When he comes out of his shop he is not silent; on the contrary, he shrieks more than a sparrowhawk. When he sees unknown folk, he pushes and pulls, calls and cries out, saying: "Step up and come in, I will show them to you, and if you want to buy, you need go no farther. Here are the best in the street." * * * On oath he darkly quotes you double the price for the cloth, and he talks so obscurely in order to ensnare you more subtly. And he makes you truly believe he has treated you as a friend when, in reality, he has cheated you all the more; for he will say he has given you the cloth in measure and the price will tell quite a different story.

* * *

O Wool, noble lady, you who are the goddess of the merchants. All of them bow down to serve you. In your fortune and your riches, you cause some to mount on high, and others you cast down to the depths. The warehouse in which you are lodged is not without fraud and trickery, from which men's consciences are hurt. O Wool, Christians, pagans, and Saracens seek to have you and pay their vows to you. * * * O beautiful, white, delicate Wool, love of you pierces and binds the hearts of those who trade in you so that they cannot unbind themselves. On the contrary they contrive all kinds of trickery and conspiracy in order to collect great quantities of you. And then they take you overseas as if you were the mistress of their ships. And in order to get you, the people come to bargain in covetousness and envy. Foreign exchange, usury, and bargaining go under your rule to serve in your noble court, O Wool; and Fraud is their supplier there. And Fraud becomes acquainted with Avarice, and he engages agents in order to get profits.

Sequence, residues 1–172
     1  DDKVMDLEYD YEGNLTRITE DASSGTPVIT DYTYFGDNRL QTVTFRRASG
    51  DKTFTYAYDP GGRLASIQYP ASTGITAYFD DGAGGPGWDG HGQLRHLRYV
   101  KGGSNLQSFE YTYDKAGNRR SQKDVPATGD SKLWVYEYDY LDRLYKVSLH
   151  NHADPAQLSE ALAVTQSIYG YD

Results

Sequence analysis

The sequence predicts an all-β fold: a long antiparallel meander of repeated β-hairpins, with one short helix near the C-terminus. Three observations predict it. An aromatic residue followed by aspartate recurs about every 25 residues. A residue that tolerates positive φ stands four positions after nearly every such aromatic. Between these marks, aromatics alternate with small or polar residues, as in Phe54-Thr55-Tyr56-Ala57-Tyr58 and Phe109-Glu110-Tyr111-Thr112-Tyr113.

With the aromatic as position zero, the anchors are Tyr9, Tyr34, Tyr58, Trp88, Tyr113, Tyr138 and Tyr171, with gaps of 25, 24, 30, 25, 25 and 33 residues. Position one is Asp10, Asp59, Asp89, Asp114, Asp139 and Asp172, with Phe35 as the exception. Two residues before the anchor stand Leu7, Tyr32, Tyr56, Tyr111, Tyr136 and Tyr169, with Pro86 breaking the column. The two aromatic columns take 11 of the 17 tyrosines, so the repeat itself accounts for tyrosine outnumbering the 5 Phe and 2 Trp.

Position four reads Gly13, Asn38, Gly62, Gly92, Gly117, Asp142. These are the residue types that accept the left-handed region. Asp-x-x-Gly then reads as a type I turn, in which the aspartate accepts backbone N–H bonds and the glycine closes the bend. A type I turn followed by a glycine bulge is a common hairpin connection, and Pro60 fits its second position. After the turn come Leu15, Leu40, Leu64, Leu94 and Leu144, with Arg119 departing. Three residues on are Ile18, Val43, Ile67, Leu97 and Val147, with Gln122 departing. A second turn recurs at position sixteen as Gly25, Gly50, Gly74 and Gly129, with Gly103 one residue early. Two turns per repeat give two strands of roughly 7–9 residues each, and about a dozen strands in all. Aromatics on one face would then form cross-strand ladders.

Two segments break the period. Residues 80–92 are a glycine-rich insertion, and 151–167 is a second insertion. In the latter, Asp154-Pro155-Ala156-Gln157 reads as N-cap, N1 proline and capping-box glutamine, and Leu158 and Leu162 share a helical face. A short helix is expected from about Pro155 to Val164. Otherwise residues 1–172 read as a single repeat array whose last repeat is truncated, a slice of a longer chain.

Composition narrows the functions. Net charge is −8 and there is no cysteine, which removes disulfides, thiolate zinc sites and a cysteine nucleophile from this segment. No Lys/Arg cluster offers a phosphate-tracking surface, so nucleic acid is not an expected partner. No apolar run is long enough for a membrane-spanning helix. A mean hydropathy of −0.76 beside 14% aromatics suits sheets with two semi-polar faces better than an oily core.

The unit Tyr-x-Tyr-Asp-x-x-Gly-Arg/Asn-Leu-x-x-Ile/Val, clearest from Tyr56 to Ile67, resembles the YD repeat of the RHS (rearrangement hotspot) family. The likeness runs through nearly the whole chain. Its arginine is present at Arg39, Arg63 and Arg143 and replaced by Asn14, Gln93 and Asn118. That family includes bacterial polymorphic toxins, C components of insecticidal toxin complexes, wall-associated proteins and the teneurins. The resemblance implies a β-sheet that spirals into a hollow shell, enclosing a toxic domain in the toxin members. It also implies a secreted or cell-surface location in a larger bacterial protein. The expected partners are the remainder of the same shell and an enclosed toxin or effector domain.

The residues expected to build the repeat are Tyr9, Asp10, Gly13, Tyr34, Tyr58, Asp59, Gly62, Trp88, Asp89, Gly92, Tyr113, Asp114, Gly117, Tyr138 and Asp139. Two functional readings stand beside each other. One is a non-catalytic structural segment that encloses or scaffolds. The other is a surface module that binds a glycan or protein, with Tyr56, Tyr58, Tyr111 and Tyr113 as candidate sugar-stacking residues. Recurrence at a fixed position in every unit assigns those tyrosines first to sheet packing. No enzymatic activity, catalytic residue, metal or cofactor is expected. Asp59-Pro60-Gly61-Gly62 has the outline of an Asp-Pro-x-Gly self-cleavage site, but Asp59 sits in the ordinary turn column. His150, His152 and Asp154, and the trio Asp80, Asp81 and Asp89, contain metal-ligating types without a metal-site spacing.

* * *

Fraud is also a rich apothecary in our city. He very often degrades his conscience, for he has cunningly arranged his scales with two sets of weights, with which he cleverly commits fraud when he starts his transaction. There is no spice nor seed from which he does not pile up his illegal profit. * * * Fraud the apothecary deceives people in his shop more than I can explain; but when he conspires with the physician as his companion, he deceives people a hundred times more. The physician writes out the prescription, and the apothecary compounds it. But he sells for a florin that which is not worth a button. Thus the apothecary whispers his guile into our physician's hood.

* * *

Ah, World, why do you go astray? For this the poor lesser folk (who should stick to their work) demand to be better fed than the one who has hired them. Moreover, they clothe themselves in fine colors and handsome attire, whereas they were formerly clothed (without pride and without conspiracy) in sackcloth. Ah, World, I will not lie to you; if you cause these evils to come, I complain about your power. Ah, World! I know not what to say, but all the estates that I look at — from the first to the last — are getting worse, every one of them; the poor as well as the lordly are all full of vanity. The poor people are more haughty than their sovereign; everyone is pulling against the others.

* * *

But the world, which fights against all good things, contends still more with itself. As people say nowadays, no one is content with his estate — neither the lords, nor the prelates, nor the common people. On the contrary, each one complains about the wrongs of the other. The common people blame the lords, and the burghers blame their rule, and those who are on top put the blame on the lesser folk. And so everybody is fighting.

* * *